Essentially this book is a compilation of articles previously published by the author, who has been conducting research into the history of Bashkiria for more than twenty years.  Although it contains some newly-written chapters, original articles have been rewritten in full scale in order to form a complete history of the Bashkirs from the mid-sixteenth to the mid-nineteenth century. The basic concept is that of a history of Bashkiria “as a consistent protest by Bashkirs against Russian colonisation and against the Russian government’s nationality policies (42).”  The author writes that the aim of the book is to state chronologically the process of the annexation and assimilation of Bashkiria by Russia “on the basis of such problems as the rights of land inheritance, which is one of characteristics of the history of Bashkirs, taxation systems, forced conversion to Orthodoxy, labour and military service (35).”  

The first three chapters consist of a brief description of the history of Bashkiria before the mid-sixteenth century, followed by a depiction of the annexation of the region by Muscovy, and of a string of rebellions by Bashkirs, on the basis of various primary sources including shajaras, genealogical records in Bashkir.  It seems remarkable for the reviewer that the Muscovite state highly esteemed and propitiated the upper strata of Bashkir society after the annexation, while lower strata were heavily burdened—the upper classes tending to support the government in the repeated riots.  Chapters 4 to 8, which form the core of the book, take a closer look at various issues in eighteenth-century Bashkiria through the construction of the city of Orenburg, colonisation and exploitation of the southern Ural region, and the so-called Pugachev rebellion.  The most outstanding chapter is the eighth, which consists of a prosopography of some sort of Bashkir leader Salavat Yulaev and his father.  In this chapter the author succeeds in drawing a lively picture of the ‘Pugachev rebellion’ and of Russian colonisation seen by Bashkirs.  The ninth chapter offers an analysis of the ‘canton’ administration system from the end of the eighteenth to the middle of the nineteenth century, and in the tenth chapter the author discusses the nationality policy of the Russian Empire with reference to not only Bashkiria, but to the Volga-Ural region in general.  He focuses on religion and education as fields of implementation of an assimilation policy for non-Russians, and points out three forms of resistance by non-Russian early modern nations against the authority: escape, petition and rebellion.  As a conclusion, Toyokawa K. states that a large burden was foisted on peripheral regions by agricultural and industrial colonisation carried out by the Russian government, while the Bashkirs continued to object to all of these policies.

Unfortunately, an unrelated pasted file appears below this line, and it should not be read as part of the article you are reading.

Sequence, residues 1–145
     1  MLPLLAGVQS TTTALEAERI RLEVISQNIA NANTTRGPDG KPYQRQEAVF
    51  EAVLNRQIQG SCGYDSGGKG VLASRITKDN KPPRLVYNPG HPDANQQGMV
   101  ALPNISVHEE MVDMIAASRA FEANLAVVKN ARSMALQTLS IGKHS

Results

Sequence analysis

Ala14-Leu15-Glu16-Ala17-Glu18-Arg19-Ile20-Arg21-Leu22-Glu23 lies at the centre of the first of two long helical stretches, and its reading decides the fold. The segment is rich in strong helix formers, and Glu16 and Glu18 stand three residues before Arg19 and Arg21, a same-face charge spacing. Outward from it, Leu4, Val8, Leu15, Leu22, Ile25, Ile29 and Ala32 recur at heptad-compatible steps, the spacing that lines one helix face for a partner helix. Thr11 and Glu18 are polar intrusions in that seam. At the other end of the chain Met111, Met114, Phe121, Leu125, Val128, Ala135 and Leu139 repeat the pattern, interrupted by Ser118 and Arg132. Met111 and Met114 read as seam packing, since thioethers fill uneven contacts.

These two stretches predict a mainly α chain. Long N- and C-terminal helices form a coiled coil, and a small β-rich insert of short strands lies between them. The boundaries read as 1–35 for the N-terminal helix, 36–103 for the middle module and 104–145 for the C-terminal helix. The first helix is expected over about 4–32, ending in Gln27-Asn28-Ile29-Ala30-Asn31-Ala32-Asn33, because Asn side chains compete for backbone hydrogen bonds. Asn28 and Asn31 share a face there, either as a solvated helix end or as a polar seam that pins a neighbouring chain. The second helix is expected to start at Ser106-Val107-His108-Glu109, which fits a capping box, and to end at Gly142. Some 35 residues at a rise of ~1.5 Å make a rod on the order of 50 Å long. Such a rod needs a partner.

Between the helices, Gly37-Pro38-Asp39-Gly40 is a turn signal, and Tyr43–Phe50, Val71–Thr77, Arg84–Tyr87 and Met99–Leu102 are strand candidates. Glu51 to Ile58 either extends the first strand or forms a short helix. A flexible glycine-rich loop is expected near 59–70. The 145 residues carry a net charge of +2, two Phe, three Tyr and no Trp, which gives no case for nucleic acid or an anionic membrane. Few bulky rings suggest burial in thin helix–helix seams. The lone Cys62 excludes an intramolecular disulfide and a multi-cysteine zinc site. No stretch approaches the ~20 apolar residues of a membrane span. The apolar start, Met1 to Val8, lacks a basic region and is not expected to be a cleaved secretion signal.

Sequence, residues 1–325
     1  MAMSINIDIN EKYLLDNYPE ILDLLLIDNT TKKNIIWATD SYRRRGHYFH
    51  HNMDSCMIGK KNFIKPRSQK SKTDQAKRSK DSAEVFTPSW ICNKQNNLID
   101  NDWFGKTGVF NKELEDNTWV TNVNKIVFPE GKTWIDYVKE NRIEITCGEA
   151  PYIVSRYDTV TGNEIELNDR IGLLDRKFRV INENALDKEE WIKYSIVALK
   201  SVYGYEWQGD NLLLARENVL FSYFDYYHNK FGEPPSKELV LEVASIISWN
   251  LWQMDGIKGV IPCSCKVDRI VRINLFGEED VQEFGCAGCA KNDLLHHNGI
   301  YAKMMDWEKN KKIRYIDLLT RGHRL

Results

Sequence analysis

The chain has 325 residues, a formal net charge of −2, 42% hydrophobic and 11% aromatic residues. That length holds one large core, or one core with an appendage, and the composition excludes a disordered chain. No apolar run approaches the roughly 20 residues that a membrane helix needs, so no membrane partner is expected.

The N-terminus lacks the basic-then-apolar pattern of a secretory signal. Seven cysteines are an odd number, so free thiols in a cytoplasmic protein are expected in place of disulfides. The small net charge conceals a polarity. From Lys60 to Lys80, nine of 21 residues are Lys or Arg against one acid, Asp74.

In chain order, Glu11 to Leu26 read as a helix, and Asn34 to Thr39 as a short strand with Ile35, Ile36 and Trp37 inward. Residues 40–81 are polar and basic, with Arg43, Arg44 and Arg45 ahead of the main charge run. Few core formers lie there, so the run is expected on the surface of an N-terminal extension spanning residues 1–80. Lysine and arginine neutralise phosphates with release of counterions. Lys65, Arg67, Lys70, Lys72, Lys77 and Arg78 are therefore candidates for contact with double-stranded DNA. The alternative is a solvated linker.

Recently indeed, researchers have been paying more attention to the cooperative rather than to the conflicting sides of relations between the Russian government and non-Russian nations in the context of Russian imperialism. Thus in spite of the book’s recent publication the approach of the author in considering a history of Bashkiria “as a consistent protest by Bashkirs (42)” appears slightly old fashioned.  Moreover, few references can be found in the present work to recent research concerning Russian imperialism.  As such, the book misses the status of a reference work in this field.  However, it remains undoubtedly a solid and competent work as a complete history of Bashkiria, with a balanced point of view with respect to such arguments as “voluntary annexation” and “peasant war”.  In this quality, it is to be hoped that it will bring contribution to the development of historical research on the history of Russian imperialism seen from a regional perspective.

Hamamoto Mami, Japanese Society for the Promotion of Science, Tokyo
CER: I-3.2.C-220